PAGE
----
Mississippi River Mayors Group Marks 10 Years With Packed Agenda
The world is catching up to the vision that Mississippi River Cities & Towns Initiative was created to promote—a vision of a systemwide response to systemwide challenges to the Mississippi River basin. That confluence of visions will be on display September 13-15, as MRCTI holds its first live annual meeting since the COVID-19 pandemic. The meeting, which marks and celebrates MRCTI’s first 10 years, will be packed with events held at locations in St. Louis region, including the riverfront, Ball Park Hilton, Union Station, and the Missouri Athletic Club. Besides mayors of Mississippi River cities, including St. Louis’ Tishaura Jones, speakers will include the French ambassador and Andrew Young, former U.S. ambassador to the United Nations.
When MRCTI was founded in 2012, its purpose was to gather mayors of all the Mississippi River cities and towns, from St. Paul, Minn., to the mouth of the river, to collaborate and advocate for smart, systemic, unified responses to the challenges facing the river corridor and the communities that depend on it. Founder Colin Wellenkamp recalled that some of the early projects the group advocated for had been unfunded since 1992, and many were not well coordinated with each other.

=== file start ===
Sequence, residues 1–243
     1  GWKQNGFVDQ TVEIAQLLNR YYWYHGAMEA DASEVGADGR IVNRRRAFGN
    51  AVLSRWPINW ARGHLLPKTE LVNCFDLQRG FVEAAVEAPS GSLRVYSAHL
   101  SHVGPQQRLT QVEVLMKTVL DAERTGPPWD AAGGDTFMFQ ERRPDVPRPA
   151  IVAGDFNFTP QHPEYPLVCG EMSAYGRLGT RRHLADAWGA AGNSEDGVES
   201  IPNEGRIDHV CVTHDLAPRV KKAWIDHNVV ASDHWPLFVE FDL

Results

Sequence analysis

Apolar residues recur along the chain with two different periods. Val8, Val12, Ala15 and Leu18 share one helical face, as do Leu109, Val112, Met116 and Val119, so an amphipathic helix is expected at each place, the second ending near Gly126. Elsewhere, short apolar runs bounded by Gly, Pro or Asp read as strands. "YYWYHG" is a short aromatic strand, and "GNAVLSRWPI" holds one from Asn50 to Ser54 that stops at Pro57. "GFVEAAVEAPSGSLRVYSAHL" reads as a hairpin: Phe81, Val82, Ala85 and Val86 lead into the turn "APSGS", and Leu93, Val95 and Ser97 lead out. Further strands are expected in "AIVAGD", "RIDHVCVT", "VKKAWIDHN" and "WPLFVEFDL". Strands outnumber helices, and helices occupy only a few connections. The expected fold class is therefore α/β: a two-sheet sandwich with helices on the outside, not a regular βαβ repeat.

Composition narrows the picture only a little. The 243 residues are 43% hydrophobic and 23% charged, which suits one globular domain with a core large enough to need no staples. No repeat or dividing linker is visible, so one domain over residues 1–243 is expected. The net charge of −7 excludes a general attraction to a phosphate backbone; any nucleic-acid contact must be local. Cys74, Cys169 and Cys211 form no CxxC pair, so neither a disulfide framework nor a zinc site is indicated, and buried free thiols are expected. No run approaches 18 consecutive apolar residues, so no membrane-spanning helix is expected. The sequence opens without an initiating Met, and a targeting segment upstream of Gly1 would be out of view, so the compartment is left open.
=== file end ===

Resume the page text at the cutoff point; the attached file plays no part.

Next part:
Then came the floods of 2019, the COVID-19 pandemic, the war in Ukraine, and a series of extreme weather events that show no signs of letting up. A flood of infrastructure funding followed in the Infrastructure Investment and Jobs Act of 2021 and the Inflation Reduction Act of 2022, much of it directed at the Mississippi River basin.
On September 13, MRCTI leadership will join members of Congress, Young and Jones to announce a breakthrough measure in the Senate’s version of the Water Resource Development Act, in conference in Congress, to “secure the ecological and economic security of the [Lower] Mississippi River.”
The next day, France’s ambassador to the United States will announce a Mississippi River French Heritage Corridor and speakers from Ducks Unlimited will discuss the corridor’s importance for wildlife. Other sessions will address flood control and resiliency. Later, river mayors will converge at Horseshoe Lake State Park for a demonstration of how projects can prevent floods and further conservation.
On September 15, Sara Menker, founder and CEO of Gro Intelligence, a firm that uses advanced data analysis to address issues of food and hunger, speaks at Saint Louis University’s law school.